Sanjiv seems capable of speaking for hours on the subject of his son. “Vir, is the one thing that surpasses everything else in my life. I am proud to say that he consistently leaves a tremendous impression on everyone he meets. A friend recently told me that at less than 13, he has more patience and poise than I do in my 40s!” Vir is at the Mallya Aditi International School in the 7th grade, and is, in Sanjiv’s words, “the greatest anchor in my life.” He keeps me optimistic, because no matter what, at the end of the day I come home to him. I have been incredibly fortunate to have this loving human being I can call my own and yes, I do spend ‘quality’ time with him. He has a real spark for business innovation and for sport, and I do what I can to encourage that.” On weekends Vir stays with his “Amma and Thatha” (Sanjiv’s parents) along with cousins, who all descend on the family home and have a blast. The young man in question, we know for a fact, is quite the replica of his dapper dad, and is often seen alongside Sanjiv at Sunday brunches or family outings – literally a miniature version of his style icon father.
We bring Sanjiv back from his loving soliloquy about his son to the one word the whole city associates with him, whether or not he accepts it: style. “I know it’s a cliché to say that style is a very personal concept. But frankly this is a cliché because it is true. Style can never be about imitation – to me it is one part self-knowledge, one part self-confidence. I must credit my grandfathers for this. My paternal grandfather was a business luminary, who made it against the odds and lived life to its fullest. I have always been fascinated by the kind of 1960s glamour he embodied – when he walked into a room, he towered over everyone. My maternal grandfather, on the other hand, was an Inspector General of Police, an Intelligence Bureau director and an author who had a completely different kind of regal confidence about him, a quiet dignity.” Both men have clearly shaped Sanjiv, who draws inspiration from them while defining his own style. As he tells us, “Frankly, in the end, no matter how much you dress something, it is what lies behind the façade that gives real punch and style.” Ahem! We agree. He’s a huge Tom Ford fan and tells us with some embarrassment that he has just spent a fortune at their flagship store on Sloane Street in London this summer. He also loves Brooks Brothers for their no nonsense looks for formal wear. “I’m someone who’s most certainly aware of the trends but have a particular style of my own that I stick with – I don’t experiment for the sake of looking trendy. I love my jackets and, at the risk of sounding immodest, have an enviable collection of Hermes’ pocket squares. For my travel accessories, it has to start and end with Goyard,” he admits.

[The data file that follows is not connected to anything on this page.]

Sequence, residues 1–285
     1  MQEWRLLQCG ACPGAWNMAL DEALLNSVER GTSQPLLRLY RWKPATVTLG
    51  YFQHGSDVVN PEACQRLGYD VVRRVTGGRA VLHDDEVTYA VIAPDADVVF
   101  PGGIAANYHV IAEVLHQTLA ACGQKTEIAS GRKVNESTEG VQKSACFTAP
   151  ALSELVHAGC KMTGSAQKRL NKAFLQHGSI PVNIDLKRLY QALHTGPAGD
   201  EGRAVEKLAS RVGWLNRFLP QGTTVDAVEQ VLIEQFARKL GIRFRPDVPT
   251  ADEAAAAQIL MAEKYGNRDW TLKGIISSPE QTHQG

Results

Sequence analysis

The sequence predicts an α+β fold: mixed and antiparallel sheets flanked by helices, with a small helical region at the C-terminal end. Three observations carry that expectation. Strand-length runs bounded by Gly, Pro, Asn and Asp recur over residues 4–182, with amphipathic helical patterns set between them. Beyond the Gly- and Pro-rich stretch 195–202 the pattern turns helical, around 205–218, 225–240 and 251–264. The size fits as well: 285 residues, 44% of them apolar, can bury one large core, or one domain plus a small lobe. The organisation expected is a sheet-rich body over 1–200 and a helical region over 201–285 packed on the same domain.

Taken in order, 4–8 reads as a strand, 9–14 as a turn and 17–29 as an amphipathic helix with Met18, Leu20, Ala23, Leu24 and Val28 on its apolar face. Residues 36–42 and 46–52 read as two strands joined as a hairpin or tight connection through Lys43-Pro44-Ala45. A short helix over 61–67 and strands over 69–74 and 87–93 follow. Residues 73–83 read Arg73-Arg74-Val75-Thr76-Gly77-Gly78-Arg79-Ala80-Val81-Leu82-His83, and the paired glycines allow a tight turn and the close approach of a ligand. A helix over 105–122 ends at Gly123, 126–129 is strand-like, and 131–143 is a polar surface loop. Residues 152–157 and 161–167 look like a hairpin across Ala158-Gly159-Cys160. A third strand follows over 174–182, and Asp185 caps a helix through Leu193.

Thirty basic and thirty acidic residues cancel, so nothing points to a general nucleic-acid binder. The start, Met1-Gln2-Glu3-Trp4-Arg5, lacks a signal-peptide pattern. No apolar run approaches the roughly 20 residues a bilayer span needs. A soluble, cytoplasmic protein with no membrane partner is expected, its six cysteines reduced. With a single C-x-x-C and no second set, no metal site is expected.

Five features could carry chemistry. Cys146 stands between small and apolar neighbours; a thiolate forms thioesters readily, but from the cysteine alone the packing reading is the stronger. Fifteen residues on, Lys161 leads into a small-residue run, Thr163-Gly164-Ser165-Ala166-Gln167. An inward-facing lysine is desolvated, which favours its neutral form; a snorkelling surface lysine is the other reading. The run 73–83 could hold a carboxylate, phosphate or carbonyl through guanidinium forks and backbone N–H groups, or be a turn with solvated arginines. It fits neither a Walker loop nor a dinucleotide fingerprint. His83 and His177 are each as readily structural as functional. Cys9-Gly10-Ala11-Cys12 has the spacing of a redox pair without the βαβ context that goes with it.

“Running with the bulls in Madrid is one of the craziest things I have done to date – I ended up with a scar on the ankle but it could have been worse!”
We ask him what he thinks is the general perception that people have of him. Could he share a glimpse of who he actually is beneath all the layers and veneers? “I like to think people see me as friendly, happy-go-lucky, and someone who is well-moulded. Of course there are always characters around who will focus on the negatives, which we all have. I have huge reserves of energy and am socially very gregarious. But that’s the point – there is a whole other world inside even the most cheerful human being that others cannot see. If I have a sociable persona, beneath it is also a deep scar that is 21 years old.” The reference is to his brother, Suresh, who passed away in 1995. “I think about him every day and the walls of my home are full of his photographs. He was a phenomenal man, the wonder-child of our family, and then, just after he returned from his studies abroad, we lost him in a tragic accident. Our family is grateful for all that God has given us but He took back the greatest gem we had. I know how to mask that sorrow, but that doesn’t mean there is no sorrow. That said,” he adds, “I see sorrow as a personal feeling – I don’t like to make a display of my emotions.” There is finality in his tone and we don’t push him further.
This experience early in his life with death and loss means Sanjiv knows he only has one life to live, and wants to make the most of his time. He is a self-confessed “adrenaline junkie” and has scuba-dived in different parts of the world, bungee-jumped a couple of times in Australia and New Zealand, and sky dived as well. “Running with the bulls in Madrid is one of the craziest things I have done to date – I ended up with a scar on the ankle but it could have been worse! I am certainly very adventurous,” he grins, “but I have learnt where to draw the line and stay clear of foolish recklessness!”
And what is his perception of luxury? How important is it to him in life?
“Luxury is…stopping to enjoy the view! For me, time is the ultimate luxury! If I get to spend enough time with my family and friends and travel the world while doing so, there’s nothing to beat that!”
Hard Facts With Sanjiv Shanmugam
Birth date: 19 May
You wouldn’t be caught dead in: Shorts – I have skinny legs! [laughs]
You love: To be loved
Women are: “…meant to be loved, not to be understood” – Oscar Wilde. That’s all I will say after two divorces!
Style is: Never in imitation
Favourite set of wheels: Aston Martin Vanquish
Food preferences: Japanese